Ogre, Fenders and You
Last modified: Wednesday, January 9th, 2013
So you just bought a Ogre… Stock complete, fresh outa the box and you decide; because the weather is grim, your pink bits are frostbitten and the ground is a sloppy, salty slush soup, that you want to mount up some full coverage fenders. “Sweet!” you think to yourself, “This should be a breeze”…
You pedal on over to your local bike shop and select what they have for your chunky 29x2.3” meats, likely a set Planet Bike “Cascadia 29ers”. Good choice and plenty of hardware to get the job done even if your bike is a little…How do we say, eccentric(?)
Nice thing about these fenders is the ample hardware to get your fussy rig situated.
So you crooze home with a quick stop at the bottle shop for a 6 pack of hand stabilizers so you don’t drop your fasteners all over the place. You throw your bike in your stand and tear into it. “Crap!” You realize after trying to mount one fender and then the other: “This shit isn’t fitting the way I imagined! The front derailleur and cable are preventing proper snuggage of the rear fender and the front fender is just all sorts of not-fitting at all! I thought I was going to spend 10 minutes on this and then be out the door, heading across town to that metal show my coworker told me about.” Well, don’t fear, you can still make it to the show. Just take stock of the tools you will need and I guarantee you won’t need any additional hardware…er, just an additional component or two (could mean a trip back to that local Surly dealer). But! These may be bits you already have in your parts drawer or on one of your other 7 Surlys. It won’t be too complicated…aren’t you glad you stopped off at the LQ?!
Dang! Not enough room Captain! (Wheel slammed forward in dropouts)
Tools: 5mm, 4mm and 2.5mm hex wrenches. 10mm and 8mm box end wrenches. 4x Surly “Monkey Nuts” or Surly “Tuggnut”. Other “essential” tools not pictured that will come in handy: Heavy wire cutters (to clip your extra strut length down), Hacksaw “Jim Dugout” (cutting a spacer in half if need be), Flasky (enabling fluid), back issue of “Popular Mechanics”, vice and file (also for cutting).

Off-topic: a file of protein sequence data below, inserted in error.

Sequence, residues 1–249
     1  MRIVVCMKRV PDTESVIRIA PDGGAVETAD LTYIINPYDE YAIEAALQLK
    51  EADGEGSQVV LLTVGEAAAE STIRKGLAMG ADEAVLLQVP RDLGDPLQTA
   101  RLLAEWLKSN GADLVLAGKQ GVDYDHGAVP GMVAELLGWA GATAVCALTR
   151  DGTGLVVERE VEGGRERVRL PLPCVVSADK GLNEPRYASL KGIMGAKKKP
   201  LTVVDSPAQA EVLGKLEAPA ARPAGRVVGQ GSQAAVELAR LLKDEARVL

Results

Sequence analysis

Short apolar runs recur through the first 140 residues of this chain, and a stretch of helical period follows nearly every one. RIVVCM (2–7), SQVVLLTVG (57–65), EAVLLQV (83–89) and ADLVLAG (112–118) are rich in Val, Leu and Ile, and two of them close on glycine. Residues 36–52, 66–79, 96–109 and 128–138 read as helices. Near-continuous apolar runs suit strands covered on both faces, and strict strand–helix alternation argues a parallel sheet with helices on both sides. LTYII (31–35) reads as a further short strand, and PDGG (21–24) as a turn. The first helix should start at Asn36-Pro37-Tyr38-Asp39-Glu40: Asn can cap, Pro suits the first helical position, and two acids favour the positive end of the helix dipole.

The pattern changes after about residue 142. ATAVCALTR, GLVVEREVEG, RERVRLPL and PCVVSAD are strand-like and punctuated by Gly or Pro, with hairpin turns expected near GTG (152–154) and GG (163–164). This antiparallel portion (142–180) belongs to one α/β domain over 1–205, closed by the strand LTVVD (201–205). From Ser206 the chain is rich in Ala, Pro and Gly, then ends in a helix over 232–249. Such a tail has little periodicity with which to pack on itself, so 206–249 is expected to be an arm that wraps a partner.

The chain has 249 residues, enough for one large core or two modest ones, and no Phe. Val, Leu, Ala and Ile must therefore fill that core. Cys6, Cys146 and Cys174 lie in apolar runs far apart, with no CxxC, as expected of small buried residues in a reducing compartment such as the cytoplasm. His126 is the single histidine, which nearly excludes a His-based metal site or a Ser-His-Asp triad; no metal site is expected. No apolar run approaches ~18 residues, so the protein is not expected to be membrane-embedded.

Let’s start with the rear first shall we? I always start there. Remove the rear wheel and M5 bolts from the seat stay and chain stay bridge. Because the fender will have to move back nearly and inch to clear that front derailleur, you will want a proper way to stabilize that axel so you don’t pull it sideways when you come sprinting home from the bar later that night and stack it into a parked car. This will require you using either of two methods: “Tuggnut Mcgraw” or “Double Monkey Nuttage”
Tuggy or Nutty? Tuggy is simpler, cheaper, allows a better axle position and also opens beers on the fly. Nutty looks clean but places your axle pretty close to the end of the dropout. Note: The further back your axle is; the less smooth your shifting will be.
with the wheel pulled back about 24-28mm you will now have plenty of fender and mud clearance.
Using one on the 30mm spacers, mount up the rear fender loosely so you can center it all correct like once you get the wheel back in place. Grease your threads for feck’s sake and read those instructions provided with the fenders!
Using Tuggy I can snug this wheel fairly close to the front of the fender. A panhead 40mm bolt would be nicer.
Plenty of Clearance Clarence.
Once the rear wheel is back in place you will want to adjust the rear brake caliper position as you will find that it is not grabbing as much rotor as it used to. Slide that baby almost all the way back, center it to the rotor and tighten back down. Now go through and tighten down your fender hardware minding the manufacturer provided torque spec (if you are so “analy inclined”).
Before and after brake adjustment.
HOLY BUTTER BEANS ON A CRAP CRACKER! You are almost ready to go to that show. One more fender to go! The front is wonky in two ways: It sits real high off of the tire and the struts don’t want to mate to barrel mounts, also that disc caliper is kinda in the way. If you have the means to do so, cut the other 30mm spacer in half. This will allow you to clear the fork blades and caliper. A few presta valve nuts can do the job if you have no proper way to make a cut.
Spacer cut freehand in a vice with a aluminum hacksaw and filed down a touch, washers and 40mm bolts. All provided.
Yeah, the struts stick out kinda far but hey who cares?! You’re just trying to stay dry.
Yeah, yeah, this ain’t pretty either but this is easily fixed with a slotted or drilled out plate used as an adaptor to drop the fender down and close that gap. This piece will cost you pennies at the hardware store. You can figure it out. I know you can!
So you are done wrestling this beast. Now mount up and go catch that show, I’m sure the opening act sucked anyway.
Ogre with fenders. Now you can keep your fancy pants and shoes clean. Big deal. Did I mention the other thing you could do? It would be to get a direct mount front der and adaptor. We might make that change somewhere down the road.
Did I mention it is cold here in Minnesota right now?